Section 59
Chapter 58,641

Projected ozone trends and changes in the ozone-precursor relationship in the South Coast Air Basin in response to varying reductions of precursor emissions

Fujita, E.M.; Campbell, D.E.; Stockwell, W.R.; Saunders, E.; Fitzgerald, R.; Perea, R.

Journal of the Air and Waste Management Association 66(2): 201-214


ISSN/ISBN: 1096-2247
PMID: 26514212
DOI: 10.1080/10962247.2015.1106991
Accession: 058640668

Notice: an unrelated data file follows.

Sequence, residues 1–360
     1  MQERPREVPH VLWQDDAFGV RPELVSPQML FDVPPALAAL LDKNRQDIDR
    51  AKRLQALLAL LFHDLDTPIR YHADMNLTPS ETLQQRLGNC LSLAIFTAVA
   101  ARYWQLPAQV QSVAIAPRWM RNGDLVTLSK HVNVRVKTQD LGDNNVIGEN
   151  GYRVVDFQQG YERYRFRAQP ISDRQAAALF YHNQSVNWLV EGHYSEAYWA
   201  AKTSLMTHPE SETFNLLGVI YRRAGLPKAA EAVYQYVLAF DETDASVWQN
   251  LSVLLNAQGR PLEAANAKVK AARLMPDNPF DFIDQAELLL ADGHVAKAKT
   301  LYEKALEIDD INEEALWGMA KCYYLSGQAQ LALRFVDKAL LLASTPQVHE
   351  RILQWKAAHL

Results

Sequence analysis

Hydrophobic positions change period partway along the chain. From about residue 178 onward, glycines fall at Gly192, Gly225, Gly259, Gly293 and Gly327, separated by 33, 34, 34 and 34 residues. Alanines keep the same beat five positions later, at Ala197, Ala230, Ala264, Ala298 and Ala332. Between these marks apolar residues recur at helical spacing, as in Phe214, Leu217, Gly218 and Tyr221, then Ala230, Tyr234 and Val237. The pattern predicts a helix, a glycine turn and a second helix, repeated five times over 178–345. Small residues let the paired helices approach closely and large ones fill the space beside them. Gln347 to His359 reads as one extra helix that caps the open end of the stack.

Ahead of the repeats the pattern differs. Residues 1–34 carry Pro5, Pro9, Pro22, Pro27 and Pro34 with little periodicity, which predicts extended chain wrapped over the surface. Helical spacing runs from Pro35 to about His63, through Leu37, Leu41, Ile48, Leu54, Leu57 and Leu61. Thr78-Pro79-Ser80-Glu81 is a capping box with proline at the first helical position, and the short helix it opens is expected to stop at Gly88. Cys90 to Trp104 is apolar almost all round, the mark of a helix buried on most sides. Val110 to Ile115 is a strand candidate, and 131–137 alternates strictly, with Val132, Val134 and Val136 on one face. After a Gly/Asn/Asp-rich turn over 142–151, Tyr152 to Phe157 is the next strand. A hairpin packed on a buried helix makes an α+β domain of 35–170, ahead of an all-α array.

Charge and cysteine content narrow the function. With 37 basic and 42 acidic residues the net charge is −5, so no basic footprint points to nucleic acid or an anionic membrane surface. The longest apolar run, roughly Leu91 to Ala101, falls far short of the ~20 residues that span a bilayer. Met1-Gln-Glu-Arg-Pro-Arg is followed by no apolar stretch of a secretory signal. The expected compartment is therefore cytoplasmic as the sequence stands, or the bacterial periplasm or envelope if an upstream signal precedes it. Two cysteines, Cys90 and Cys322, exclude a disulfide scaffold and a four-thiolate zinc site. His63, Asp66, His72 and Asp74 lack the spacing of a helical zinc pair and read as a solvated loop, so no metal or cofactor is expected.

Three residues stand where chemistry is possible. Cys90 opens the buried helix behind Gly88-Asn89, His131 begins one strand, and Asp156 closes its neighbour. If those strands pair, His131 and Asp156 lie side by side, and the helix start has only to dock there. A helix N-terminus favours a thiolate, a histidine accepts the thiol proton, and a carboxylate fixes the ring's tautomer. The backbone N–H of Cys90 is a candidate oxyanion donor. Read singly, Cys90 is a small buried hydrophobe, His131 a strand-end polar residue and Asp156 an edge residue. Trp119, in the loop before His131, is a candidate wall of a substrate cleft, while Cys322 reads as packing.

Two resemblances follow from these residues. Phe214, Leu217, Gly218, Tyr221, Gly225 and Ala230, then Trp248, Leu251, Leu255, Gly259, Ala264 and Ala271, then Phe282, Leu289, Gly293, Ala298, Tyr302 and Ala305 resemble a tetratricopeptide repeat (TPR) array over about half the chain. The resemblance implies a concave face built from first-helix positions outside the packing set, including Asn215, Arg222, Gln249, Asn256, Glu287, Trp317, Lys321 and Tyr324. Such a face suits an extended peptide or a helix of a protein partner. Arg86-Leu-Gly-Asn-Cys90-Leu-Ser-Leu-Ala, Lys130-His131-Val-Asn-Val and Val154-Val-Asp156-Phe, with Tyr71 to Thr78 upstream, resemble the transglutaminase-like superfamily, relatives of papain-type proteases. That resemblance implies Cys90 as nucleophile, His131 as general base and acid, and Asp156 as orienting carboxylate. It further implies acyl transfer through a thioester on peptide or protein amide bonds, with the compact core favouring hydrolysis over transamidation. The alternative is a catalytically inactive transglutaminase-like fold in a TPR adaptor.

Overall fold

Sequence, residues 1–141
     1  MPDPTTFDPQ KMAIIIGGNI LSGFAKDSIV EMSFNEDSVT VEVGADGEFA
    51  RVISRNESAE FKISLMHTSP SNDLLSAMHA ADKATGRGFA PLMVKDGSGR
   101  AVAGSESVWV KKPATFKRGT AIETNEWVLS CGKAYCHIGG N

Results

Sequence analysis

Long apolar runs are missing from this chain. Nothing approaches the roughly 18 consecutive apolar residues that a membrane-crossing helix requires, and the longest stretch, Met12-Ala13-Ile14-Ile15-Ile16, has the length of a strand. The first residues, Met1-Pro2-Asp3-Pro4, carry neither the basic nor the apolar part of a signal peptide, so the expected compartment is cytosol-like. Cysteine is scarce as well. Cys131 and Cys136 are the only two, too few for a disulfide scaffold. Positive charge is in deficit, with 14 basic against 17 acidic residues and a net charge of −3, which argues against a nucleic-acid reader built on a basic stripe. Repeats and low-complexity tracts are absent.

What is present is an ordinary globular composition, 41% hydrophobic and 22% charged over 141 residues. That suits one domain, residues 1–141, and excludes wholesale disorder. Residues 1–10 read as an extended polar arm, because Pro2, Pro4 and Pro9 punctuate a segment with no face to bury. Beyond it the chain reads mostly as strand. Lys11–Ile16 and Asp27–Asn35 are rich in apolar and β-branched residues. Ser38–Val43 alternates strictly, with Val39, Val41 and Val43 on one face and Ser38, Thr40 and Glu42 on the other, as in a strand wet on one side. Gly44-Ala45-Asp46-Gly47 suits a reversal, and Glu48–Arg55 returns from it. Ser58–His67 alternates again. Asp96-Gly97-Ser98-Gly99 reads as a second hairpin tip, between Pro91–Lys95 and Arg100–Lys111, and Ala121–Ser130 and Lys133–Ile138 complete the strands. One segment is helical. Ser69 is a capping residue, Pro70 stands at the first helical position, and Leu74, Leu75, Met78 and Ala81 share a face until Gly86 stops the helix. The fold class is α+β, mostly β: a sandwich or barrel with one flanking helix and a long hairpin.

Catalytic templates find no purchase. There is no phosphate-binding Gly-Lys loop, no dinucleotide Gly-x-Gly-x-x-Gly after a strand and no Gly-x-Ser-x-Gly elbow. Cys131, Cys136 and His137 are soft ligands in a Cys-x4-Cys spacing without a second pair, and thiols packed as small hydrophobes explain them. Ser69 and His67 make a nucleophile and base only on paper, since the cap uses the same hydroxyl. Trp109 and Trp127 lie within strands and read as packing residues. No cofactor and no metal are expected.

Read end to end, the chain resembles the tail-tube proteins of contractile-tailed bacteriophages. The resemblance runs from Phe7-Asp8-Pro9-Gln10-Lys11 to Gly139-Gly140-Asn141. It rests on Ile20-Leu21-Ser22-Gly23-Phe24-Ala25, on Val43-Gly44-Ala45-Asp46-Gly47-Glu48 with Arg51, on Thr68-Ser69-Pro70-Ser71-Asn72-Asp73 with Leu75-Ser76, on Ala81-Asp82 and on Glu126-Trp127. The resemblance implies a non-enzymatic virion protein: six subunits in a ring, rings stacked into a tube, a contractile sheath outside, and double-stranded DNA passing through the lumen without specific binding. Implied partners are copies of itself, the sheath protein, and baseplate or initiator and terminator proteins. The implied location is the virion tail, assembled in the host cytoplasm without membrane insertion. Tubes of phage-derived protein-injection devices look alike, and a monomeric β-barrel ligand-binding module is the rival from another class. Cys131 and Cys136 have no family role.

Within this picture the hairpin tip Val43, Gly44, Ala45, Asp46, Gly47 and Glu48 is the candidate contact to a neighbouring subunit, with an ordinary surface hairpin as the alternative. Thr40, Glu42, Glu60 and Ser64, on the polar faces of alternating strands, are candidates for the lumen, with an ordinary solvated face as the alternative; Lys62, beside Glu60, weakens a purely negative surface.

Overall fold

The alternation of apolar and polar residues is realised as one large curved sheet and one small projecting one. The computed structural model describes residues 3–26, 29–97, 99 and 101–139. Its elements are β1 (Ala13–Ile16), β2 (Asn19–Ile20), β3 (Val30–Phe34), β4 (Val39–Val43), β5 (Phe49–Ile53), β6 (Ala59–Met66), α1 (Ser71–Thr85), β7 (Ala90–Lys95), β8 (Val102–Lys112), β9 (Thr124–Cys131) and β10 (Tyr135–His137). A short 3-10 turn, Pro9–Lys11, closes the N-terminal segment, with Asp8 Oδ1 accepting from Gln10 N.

This study examined the effects of varying future reductions in emissions of oxides of nitrogen (NOx) and volatile organic compounds (VOC) on the location and magnitude of peak ozone levels within California's South Coast Air Basin (SoCAB or Basin). As ozone formation is currently VOC-limited in the Basin, model simulations with 2030 baseline emissions (-61% for NOx and -32% for VOC from 2008) predict 10-20% higher peak ozone levels (i.e., NOx disbenefit) in the western and central SoCAB compared with the 2008 base simulation. With additional NOx reductions of 50% beyond the 2030 baseline emissions (-81% from 2008), the predicted ozone levels are reduced by about 15% in the eastern SoCAB but remain comparable to 2008 levels in the western and central Basin. The Basin maximum ozone site shifts westward to more populated areas of the Basin and will result potentially in greater population-weighted exposure to ozone with even a relatively small shortfall in the required NOx reductions unless accompanied by additional VOC reductions beyond 2030 baseline levels. Once committed to a NOx-focused control strategy, NOx reductions exceeding 90% from 2008 levels will be necessary to attain the ozone National Ambient Air Quality Standards (NAAQS). The findings from this study and other recent work that the current VOC emission estimates are underestimated by about 50% suggest that greater future VOC reductions will be necessary to reach the projected 2030 baseline emissions. Increasing the base year VOC emissions by a factor of 1.5 result in higher 2008 baseline ozone predictions, lower relative response factors, and about 20% lower projected design values. If correct, these findings have important implications for the total and optimum mix of VOC and NOx emission reductions that will be required to attain the ozone NAAQS in the SoCAB. Results of this study indicate that ozone levels in the western and central SoCAB would remain the same or increase with even a relatively small shortfall in the projected NOx reductions under planned NOx-focused controls. This possibility, therefore, warrants a rigorous analysis of the costs and effects of varying reductions of VOC and NOx on the formation and combined health impacts of ozone and secondary particles. Given the nonlinearity of ozone formation, such analyses should include the implications of gradually increasing global background ozone concentrations and the Basin's topography and meteorology on the practical limits of alternative emission control strategies.

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